A plan for some fast cash to get an impounded car left two men dead.
Nearly a decade later, five people have been sentenced in the robbery-gone-wrong killings of 27-year-old Christopher O’Neal Jackson, of Marietta, and 28-year-old Mableton man Mark Anthony Jones.
Two women lured the men from a sports bar to an apartment where three men jumped and killed them, according to a Cobb district attorney’s office news release.
This week saw guilty pleadings from three of the suspects: Desmond Omar Post, now 36 years old; Rolaunda Bridget Fripp, 30; and Joseph Eugene Brown, 34.
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Post and Fripp pleaded guilty to manslaughter, armed robbery and aggravated assault. They each got 10 years in prison and 30 years probation. Brown copped to a pair of felony murder counts and got two life sentences.
The other two suspects, Darchelle Renee Arnold and Jarvis Amartis Butts, previously pleaded guilty.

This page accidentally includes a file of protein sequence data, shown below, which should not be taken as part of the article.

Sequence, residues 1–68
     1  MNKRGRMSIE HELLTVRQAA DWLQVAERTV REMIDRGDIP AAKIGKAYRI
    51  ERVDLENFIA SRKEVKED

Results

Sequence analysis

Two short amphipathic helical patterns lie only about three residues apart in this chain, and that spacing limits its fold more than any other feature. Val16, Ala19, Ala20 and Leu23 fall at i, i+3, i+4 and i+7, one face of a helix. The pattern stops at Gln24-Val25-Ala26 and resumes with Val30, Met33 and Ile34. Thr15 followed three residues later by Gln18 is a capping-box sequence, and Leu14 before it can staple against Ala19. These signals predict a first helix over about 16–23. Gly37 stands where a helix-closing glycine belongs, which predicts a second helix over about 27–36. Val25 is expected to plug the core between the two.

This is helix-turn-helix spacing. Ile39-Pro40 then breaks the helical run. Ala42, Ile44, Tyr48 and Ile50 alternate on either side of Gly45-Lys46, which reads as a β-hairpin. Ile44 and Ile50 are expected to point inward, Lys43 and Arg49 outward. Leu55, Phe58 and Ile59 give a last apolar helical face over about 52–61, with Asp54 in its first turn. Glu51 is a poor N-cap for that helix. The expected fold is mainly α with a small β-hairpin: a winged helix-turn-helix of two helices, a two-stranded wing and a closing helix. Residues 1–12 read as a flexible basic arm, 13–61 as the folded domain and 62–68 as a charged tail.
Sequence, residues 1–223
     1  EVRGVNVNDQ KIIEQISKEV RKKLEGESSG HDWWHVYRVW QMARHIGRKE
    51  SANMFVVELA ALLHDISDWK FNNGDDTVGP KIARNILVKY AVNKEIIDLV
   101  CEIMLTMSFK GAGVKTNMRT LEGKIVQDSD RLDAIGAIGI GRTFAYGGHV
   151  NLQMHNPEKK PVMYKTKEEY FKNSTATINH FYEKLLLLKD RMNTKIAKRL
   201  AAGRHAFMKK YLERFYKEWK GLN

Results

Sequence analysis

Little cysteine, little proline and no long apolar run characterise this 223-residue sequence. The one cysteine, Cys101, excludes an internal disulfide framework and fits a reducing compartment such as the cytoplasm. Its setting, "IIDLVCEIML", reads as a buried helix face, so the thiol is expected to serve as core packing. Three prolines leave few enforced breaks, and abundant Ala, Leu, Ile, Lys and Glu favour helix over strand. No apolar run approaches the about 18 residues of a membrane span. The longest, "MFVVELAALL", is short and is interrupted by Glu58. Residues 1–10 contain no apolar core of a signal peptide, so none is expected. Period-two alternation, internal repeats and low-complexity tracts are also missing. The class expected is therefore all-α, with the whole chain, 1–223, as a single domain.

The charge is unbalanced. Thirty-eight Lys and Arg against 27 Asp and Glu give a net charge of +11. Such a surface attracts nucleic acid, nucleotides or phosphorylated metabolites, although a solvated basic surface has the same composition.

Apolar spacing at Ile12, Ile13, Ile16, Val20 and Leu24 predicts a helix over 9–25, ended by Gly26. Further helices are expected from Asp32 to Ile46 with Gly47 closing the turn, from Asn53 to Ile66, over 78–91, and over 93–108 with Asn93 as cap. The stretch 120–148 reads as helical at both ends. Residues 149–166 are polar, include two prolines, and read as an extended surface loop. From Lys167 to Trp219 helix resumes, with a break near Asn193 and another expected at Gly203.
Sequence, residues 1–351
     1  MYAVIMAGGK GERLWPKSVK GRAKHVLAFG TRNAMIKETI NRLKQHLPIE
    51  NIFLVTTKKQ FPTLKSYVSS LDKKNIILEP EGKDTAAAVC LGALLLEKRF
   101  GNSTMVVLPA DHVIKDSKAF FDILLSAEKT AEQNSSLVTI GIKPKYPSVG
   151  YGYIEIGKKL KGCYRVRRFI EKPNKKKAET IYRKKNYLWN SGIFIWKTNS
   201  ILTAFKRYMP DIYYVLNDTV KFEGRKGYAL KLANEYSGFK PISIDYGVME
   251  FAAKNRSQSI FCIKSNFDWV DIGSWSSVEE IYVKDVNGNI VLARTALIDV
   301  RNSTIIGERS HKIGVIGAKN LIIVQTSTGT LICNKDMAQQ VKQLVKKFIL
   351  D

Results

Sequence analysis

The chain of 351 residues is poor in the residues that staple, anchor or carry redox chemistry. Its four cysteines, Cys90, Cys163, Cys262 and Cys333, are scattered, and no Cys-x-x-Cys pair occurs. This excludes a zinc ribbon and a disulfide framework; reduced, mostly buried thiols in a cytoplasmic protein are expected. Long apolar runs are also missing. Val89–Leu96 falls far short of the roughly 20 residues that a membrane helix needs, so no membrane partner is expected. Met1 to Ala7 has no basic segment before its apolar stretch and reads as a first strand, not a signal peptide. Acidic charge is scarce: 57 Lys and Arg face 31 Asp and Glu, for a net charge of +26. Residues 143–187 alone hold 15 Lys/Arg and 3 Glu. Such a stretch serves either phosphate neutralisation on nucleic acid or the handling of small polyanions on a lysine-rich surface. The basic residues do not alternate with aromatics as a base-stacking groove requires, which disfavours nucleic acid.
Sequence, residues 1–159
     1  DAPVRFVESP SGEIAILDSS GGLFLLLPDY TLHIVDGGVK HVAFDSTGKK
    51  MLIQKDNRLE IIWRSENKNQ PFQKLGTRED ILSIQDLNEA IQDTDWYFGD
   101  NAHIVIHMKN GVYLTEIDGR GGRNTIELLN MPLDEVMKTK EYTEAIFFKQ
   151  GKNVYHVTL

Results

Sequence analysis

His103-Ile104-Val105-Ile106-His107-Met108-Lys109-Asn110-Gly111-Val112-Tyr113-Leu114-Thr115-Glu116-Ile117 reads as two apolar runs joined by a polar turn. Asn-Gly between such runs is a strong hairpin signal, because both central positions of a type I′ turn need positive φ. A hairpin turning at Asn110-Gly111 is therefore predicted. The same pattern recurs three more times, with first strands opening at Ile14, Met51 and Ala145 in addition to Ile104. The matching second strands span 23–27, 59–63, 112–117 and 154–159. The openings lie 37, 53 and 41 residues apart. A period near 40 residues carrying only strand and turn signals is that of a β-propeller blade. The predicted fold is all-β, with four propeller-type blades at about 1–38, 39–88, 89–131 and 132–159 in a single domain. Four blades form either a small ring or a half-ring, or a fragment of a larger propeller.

“The families of Jones and Jackson have suffered immeasurably from this devastating loss,” said prosecutor Jesse Evans.
Evans and the prosecutor’s office presented a case showing that the defendants decided a robbery was the best way to get money to retrieve an impounded vehicle.
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The two women, Fripp and Arnold, lured the men to the former Las Colinas apartment complex on Franklin Road. Jackson and Jones, in addition to a third man, went along “under the guise of partying,” prosecutors said.
The three male suspects jumped the two men and demanded cash. There was a scrap, during which Jackson and Jones were shot. The third man with them got away and called 911.
All five were arrested later that day, Dec. 9. 2009.
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Arnold, now 30, pleaded guilty in May 2011 to felony murder and aggravated assault charges. She was sentenced to life in prison.
Butts, now 30, was convicted of felony murder, armed robbery and aggravated assault charges in 2012. He was got two life sentences, plus 20 years.
After a continued legal battle by some of the defendants, this week seemingly closed the case for the families of Jackson and Jones.
“We are so pleased to at least be able to provide them with finality,” Evans said.
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Credit: Ben Hendren for the Atlanta Journal-Constitution